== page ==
There is a good deal to be said for specialism, especially from my personal experience. It’s brought me to where I am and I am grateful. It has not exactly been an especially useful route to Chartership though, it must be said. I have spent an entire career minus one year working in businesses where the only material I am required to design is steel. The year I did spend in consultancy I hoped would gave me an opportunity to spread my wings a little. It would however turn out that the forces of business decreed that my previous experience in fabrication meant that I was given all the steelwork gigs that came in that year, and opportunities to master the other common construction materials were limited. If I’d stuck it out, maybe things would have evened out over time. I will never know.

Could I have recognised a lack of professional progress in fabrication and changed jobs to further my development? In theory I could have, but in practice not so much. I had already taken a large pay cut to move into consulting for that one year (owing mostly to my specialism), but then came the family. I primarily moved back to fabrication for the money, as I now had a tiny mouth to feed and would likely need to move house. I could make the years I’d spent previously in fabrication count for me rather than against. The timing was fortuitous - I hadn’t planned to move out of consulting, but it was Chris that came knocking just as my wife was 9 months pregnant with our son. Back to specialism I went.

So fast forward 8 years and now I have reached an age and position where another move back to a consultancy would bring such a large pay cut as to be effectively financial ruinous. I have to forge a path forward from the chair in which I sit, and I have to be the one to make it work.

So what’s the plan?

I have one route to Chartership open to me: the retrospectively collated route. I have to:

  1. Complete 13 Core Objective Final Reports.

  2. Compile two hard copy portfolios of my work, referenced to those Core Objectives.

  3. Find 2 existing Chartered Members who will sign my application form, having seen my work and agreeing that I have reached the required standard for Professional Review.

  4. Find a Fellow of the IstructE to do the same. Note: my first attempt at contacting a previous lecturer resulted in flat refusal to even consider such a thing. This step truly worries me, owing to my relative insulation from the wider profession.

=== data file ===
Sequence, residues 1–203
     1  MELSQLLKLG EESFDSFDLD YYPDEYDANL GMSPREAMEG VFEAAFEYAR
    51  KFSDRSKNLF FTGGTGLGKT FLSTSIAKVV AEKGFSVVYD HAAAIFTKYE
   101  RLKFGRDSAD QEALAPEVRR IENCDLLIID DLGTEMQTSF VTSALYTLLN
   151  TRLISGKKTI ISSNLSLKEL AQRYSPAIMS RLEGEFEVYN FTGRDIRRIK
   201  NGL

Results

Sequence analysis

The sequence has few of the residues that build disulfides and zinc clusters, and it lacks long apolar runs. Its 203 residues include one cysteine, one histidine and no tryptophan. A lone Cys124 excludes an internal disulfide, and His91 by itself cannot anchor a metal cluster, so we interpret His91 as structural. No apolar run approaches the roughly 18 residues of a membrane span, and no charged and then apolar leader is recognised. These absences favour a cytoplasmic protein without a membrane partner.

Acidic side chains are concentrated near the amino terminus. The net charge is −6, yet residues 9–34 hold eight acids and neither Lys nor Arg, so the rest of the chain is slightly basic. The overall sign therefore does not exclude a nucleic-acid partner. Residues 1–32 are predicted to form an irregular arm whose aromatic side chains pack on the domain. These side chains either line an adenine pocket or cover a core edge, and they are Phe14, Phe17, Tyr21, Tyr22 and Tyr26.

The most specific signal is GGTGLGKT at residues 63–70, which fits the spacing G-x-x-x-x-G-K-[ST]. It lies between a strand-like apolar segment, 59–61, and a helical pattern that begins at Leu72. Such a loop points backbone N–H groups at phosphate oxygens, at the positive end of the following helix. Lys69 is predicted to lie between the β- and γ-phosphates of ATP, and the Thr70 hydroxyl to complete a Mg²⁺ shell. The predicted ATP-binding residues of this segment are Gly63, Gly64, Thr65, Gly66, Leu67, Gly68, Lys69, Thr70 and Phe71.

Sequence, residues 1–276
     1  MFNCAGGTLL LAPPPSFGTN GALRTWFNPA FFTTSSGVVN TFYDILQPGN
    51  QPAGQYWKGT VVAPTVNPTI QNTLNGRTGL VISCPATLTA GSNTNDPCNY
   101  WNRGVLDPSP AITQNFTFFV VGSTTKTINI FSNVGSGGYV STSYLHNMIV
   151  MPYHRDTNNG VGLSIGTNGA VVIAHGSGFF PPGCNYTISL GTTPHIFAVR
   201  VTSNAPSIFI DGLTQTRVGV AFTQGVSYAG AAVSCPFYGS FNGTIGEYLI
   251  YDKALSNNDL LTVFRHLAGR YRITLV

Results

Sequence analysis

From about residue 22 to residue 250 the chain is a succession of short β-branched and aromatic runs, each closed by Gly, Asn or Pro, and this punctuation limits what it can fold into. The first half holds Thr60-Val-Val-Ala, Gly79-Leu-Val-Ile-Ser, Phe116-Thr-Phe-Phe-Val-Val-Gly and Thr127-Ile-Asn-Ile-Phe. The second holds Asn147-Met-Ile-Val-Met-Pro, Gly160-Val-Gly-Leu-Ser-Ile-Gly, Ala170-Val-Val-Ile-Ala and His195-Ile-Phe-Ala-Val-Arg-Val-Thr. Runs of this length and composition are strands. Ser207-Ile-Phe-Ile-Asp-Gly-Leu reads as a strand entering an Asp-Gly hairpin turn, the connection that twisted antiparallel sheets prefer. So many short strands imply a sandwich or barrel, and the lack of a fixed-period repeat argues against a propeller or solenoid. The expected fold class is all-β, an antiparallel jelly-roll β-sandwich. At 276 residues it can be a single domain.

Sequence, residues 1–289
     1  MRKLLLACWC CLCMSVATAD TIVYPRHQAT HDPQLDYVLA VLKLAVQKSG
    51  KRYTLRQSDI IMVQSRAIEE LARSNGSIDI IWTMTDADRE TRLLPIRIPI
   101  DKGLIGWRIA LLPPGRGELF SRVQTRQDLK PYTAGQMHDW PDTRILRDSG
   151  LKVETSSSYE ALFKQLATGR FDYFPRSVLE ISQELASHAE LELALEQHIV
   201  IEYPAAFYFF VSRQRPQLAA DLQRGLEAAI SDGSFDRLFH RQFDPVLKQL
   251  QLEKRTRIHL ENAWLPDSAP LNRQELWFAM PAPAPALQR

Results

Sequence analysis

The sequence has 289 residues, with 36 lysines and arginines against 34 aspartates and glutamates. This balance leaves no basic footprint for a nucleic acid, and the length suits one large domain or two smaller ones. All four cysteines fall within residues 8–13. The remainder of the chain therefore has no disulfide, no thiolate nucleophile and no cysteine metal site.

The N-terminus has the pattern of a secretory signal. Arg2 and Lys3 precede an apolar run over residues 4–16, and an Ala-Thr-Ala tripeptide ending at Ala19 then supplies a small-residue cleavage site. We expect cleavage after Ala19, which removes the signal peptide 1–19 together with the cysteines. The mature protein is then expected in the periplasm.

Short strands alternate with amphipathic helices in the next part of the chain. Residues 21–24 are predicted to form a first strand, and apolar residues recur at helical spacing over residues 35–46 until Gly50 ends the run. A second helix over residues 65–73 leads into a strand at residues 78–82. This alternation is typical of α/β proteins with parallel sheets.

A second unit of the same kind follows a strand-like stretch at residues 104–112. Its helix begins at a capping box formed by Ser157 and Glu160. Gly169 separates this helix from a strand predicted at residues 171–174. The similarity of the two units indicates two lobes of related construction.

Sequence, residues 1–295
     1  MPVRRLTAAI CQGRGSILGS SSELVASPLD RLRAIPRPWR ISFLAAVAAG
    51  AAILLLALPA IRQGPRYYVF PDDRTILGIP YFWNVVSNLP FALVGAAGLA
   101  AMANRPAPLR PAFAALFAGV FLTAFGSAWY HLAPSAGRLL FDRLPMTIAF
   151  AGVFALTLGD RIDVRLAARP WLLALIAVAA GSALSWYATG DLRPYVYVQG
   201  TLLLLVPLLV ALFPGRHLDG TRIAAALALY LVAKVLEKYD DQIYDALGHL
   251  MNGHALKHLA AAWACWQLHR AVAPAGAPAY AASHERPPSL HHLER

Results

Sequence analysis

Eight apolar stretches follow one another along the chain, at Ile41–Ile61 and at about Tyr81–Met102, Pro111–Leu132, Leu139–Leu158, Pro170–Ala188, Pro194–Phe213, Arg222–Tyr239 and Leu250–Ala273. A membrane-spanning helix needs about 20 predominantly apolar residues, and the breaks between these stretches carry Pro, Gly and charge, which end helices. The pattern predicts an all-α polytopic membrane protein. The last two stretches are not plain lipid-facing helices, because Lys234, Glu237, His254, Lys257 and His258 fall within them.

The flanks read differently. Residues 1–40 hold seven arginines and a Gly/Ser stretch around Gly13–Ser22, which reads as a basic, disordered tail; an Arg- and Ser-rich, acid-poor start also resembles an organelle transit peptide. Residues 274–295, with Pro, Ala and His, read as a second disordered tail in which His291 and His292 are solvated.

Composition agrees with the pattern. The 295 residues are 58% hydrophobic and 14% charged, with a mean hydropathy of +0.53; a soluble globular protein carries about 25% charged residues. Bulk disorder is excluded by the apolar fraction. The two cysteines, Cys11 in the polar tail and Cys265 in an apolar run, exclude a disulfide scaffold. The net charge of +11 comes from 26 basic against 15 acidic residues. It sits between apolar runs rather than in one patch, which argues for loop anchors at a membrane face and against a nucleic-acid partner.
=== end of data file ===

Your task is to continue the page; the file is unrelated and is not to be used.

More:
5. Attend and pass an interview which is designed to find the gaps in my knowledge of which my specialism creates many. In phase two of the Year of Getting Things Done I must do something about these gaps.

  6. Pass the final written exam. Strangely, this step is the one which many of my peers felt would be the toughest. Perhaps unwisely, I believe that if I can get to the test, I’ll be very much ready for it.

Yikes. Probably best to break this down into more manageable chunks.

Agreed. Right now I think there are two broad areas I should be focusing on:

  1. Getting the 13 final reports written, and my portfolio put together. This will satisfy my first two goals and identity any areas that require consolidation.

  2. Making some connections in the wider engineering community, via this website, social media, and attending more IStructE events to give me a fighting chance of not being stumped by requiring signatures from Chartered Members and a Fellow who don’t know me well.

I’m hoping that making connections can mostly look after itself without dedicating too much specific time to. That leaves the IPD forms and the portfolio.

If I want to be ready to submit by the beginning of September, that leaves seven-ish months. In round terms, that’s 28 weeks to complete 13 forms and create a portfolio. One a fortnight would be cutting it too fine, so that means I need to try to plan which reports I will have no more than a week to get done, and which I can or should take more time over. I’d like to have the reports written by week 20, giving me something like 2 months to finalise the portfolio and garner some signatures.

I think the best way to stay accountable here is to draw up the plan, and post my draft reports here as I do them.

It is time for the excuses to end, and time to Get Things Done.